2020 has quickly become the year of delays. From Cyberpunk 2077's single and multiplayer modes, to Marvel's Avengers, and even the entire 2020 Ubisoft lineup, it's clear that developers have one thing in mind: get it right the first time. Because, let's face it, most of us are sick and tired of paying to be beta testers.
Too many games have launched over the past few years that completely ignore the fact that the consumer was the one paying for it, oftentimes taking months of patches before the game finally gets to a proper shipping state. We've seen this with games like No Man's Sky, which quite literally took years to reach the maturity required to sustain the interest of the millions of players that now enjoy it. Then there are titles like Fallout 76, which were a horrific, buggy, nearly unplayable mess at launch.
First impressions are everything. Initial review scores don't go away. Everyone loses when games are rushed; players hate the game and word of mouth spreads. Publishers and developers lose money not just because of poor sales numbers, but because the price of a game has to drop. Indie game developers have a hard enough time with small teams because of the low prices their games sell at, so how much worse is it for developers that work for large companies that spend millions of dollars on development over the course of several years?
The answer is found in the DLC, the microtransaction, and loot crate nonsense trends we've seen in order to make up for poor planning and bad business decisions, often spurred on by tight development and release schedules that inherently encourage mediocrity upon launch. Delays are, as a whole, a good thing when a publisher or developer doesn't feel satisfied with what's being done and, ultimately, is looking to deliver the best experience to their fans.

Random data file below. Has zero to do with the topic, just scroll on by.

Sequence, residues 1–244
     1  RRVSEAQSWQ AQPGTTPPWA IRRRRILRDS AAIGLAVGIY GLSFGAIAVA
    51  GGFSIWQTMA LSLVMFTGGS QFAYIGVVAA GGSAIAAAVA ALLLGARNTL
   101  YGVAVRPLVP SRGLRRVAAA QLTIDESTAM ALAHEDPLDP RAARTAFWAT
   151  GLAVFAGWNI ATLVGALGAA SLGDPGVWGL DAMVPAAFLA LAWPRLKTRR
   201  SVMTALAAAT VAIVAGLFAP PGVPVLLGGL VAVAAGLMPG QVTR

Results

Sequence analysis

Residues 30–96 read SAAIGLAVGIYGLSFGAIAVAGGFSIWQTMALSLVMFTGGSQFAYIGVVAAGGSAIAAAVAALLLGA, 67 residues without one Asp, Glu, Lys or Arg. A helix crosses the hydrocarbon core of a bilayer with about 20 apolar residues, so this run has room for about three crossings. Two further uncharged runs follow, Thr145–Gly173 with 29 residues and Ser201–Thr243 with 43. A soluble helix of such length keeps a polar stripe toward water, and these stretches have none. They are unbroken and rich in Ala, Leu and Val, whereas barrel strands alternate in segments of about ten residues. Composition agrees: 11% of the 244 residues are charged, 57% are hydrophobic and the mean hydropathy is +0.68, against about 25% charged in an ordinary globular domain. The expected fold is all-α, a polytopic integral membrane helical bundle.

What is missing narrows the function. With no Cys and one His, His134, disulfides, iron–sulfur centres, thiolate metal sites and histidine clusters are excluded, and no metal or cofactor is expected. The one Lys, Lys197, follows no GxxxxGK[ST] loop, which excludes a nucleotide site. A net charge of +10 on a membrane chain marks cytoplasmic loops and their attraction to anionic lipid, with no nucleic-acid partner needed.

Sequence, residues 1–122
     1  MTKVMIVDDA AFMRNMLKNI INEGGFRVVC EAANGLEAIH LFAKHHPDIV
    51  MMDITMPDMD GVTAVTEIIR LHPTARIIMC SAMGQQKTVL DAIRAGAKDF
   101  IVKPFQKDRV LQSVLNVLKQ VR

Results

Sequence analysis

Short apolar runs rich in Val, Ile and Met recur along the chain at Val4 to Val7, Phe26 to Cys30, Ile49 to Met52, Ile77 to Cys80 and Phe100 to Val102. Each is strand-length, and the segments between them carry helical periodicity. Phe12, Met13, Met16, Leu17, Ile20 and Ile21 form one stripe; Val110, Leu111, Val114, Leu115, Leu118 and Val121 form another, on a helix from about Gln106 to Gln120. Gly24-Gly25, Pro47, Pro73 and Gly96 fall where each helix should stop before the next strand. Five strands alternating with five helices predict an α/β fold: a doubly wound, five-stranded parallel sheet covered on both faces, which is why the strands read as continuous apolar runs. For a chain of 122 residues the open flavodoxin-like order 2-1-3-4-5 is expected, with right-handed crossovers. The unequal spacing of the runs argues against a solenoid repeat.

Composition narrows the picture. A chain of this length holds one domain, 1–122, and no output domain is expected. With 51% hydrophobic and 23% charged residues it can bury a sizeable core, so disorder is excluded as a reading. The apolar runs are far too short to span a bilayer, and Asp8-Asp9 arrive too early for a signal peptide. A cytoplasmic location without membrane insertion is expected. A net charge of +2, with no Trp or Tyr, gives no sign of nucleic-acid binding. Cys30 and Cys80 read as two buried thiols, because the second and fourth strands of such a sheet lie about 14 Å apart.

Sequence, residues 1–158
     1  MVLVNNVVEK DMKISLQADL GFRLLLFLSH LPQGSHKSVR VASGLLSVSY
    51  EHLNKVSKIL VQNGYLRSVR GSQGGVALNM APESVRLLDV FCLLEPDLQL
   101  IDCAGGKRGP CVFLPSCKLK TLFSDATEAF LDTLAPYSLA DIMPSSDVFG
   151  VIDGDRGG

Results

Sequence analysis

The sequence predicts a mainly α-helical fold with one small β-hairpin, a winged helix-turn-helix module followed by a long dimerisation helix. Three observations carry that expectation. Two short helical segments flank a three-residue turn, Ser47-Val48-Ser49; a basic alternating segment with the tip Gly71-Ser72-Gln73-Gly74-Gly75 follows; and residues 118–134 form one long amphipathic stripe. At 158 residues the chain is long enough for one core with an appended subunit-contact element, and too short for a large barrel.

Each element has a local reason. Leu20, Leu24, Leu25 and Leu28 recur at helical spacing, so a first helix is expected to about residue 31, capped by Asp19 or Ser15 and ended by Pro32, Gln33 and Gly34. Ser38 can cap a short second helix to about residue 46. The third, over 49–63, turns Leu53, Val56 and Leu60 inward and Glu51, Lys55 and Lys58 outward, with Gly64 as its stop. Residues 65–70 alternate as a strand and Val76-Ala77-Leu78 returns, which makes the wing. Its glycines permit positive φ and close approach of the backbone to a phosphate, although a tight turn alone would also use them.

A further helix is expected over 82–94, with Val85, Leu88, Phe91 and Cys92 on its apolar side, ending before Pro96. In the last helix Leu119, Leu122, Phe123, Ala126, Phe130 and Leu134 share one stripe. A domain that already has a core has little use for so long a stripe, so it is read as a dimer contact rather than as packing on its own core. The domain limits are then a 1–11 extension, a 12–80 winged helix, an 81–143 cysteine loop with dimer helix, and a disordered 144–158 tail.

But let's not fool ourselves, the delay doesn't necessarily mean a break for the developers. If anything, this could result in worse "crunch time" for devs that are already suffering from lack of sleep and the side effects that stem from poor sleeping habits. No one wants to subsidize poor management decisions, and no one wants to see developers' lives suffer because of them either. The social response to Cyberpunk 2077's delay shows that people are understanding the development process in a way they didn't in the past, but that doesn't mean outspoken consumers will be as understanding the next time around.
CD Projekt Red made the right decision in delaying the game several months instead of several weeks, giving developers plenty of time to finalize any technical or content issues that might have arisen. With cross-platform development becoming more and more common, and games becoming more and more grandiose, something has to give. Gamers want a good experience, not jank. They want a complete game, not one that they have to keep paying for over time, especially when they paid full price for it.
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